There are a lot of ways this thing can go. And with the signing of Carlos Santana — which won't become official until he passes a physical next week — the Phillies have guaranteed that the remainder of this offseason will be a busy one.

It has to be.

The stakes have changed for 2018. The rebuild is still in place, but it has been ramped up. Matt Klentak has improved the bullpen and the offense. Now he has to attack that starting pitching and he has the trade weapons to do it.

Source: Phillies agree to $60 million deal with Carlos Santana

Source: Phillies agree to $60 million deal with Carlos Santana

The Phillies' busy Friday continued with a pricey free-agent signing.

The Phils have agreed to a three-year, $60 million deal with former Cleveland Indian Carlos Santana, a source confirmed to NBC Sports Philadelphia's Jim Salisbury.

It is by far the most expensive contract the Phillies have given out under the Matt Klentak-Andy MacPhail regime.

They had the money. When the offseason began, the only player the Phillies had signed to a multi-million dollar deal was Odubel Herrera.

Santana, 31, has always been a high-walk power hitter. From 2011 through 2017, he walked between 88 and 113 times each season, all while maintaining relatively low strikeout totals for a man with such power and plate selection.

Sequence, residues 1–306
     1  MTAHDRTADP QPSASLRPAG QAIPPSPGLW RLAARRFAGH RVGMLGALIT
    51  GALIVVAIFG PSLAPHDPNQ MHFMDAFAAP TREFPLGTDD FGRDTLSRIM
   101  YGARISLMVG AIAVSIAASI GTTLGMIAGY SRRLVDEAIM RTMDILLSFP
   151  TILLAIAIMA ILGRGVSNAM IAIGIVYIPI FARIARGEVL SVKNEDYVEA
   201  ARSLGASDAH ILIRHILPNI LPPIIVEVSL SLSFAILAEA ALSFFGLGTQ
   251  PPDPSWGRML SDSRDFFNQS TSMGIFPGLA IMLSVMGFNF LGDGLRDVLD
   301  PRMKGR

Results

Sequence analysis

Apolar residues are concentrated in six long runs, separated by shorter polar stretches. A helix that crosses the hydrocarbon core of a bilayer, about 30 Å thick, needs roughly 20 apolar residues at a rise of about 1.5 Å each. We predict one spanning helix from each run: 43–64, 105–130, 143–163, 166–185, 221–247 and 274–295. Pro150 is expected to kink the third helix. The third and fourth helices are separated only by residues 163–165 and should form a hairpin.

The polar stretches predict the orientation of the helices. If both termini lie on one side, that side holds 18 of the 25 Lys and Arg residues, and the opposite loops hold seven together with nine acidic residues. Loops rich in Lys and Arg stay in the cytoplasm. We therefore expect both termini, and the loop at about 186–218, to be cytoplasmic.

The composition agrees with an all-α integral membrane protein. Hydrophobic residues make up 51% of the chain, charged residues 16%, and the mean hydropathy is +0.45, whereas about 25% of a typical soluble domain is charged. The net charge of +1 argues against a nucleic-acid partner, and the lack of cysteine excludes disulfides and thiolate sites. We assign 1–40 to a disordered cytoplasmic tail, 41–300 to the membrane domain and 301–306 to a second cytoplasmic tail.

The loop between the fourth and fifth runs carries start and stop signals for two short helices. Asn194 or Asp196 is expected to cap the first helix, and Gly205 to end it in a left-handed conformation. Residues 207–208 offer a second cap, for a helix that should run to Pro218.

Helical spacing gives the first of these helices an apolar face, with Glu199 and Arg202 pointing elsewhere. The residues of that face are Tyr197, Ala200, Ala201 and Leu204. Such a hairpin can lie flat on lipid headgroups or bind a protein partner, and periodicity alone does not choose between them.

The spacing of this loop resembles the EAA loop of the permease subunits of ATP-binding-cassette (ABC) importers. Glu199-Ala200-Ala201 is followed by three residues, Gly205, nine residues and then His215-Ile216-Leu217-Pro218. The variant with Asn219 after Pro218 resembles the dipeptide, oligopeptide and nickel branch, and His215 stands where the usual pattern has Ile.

In 2016, Santana set a career high with 34 home runs. Last season, he hit .259/.363/.455 with 37 doubles, 23 homers and 79 RBIs.

This addition provides the Phillies with much-needed pop to protect Rhys Hoskins and also gives the Phils added versatility. Santana is a switch-hitter who came up as a catcher, but he hasn't caught since 2014. The last three seasons, he has played primarily first base. In his eight seasons, Santana has also started 26 games at third base and seven in right field.

The move likely means Hoskins will play left field, and it could facilitate another Phillies trade of an outfielder such as Nick Williams, Aaron Altherr or Odubel Herrera.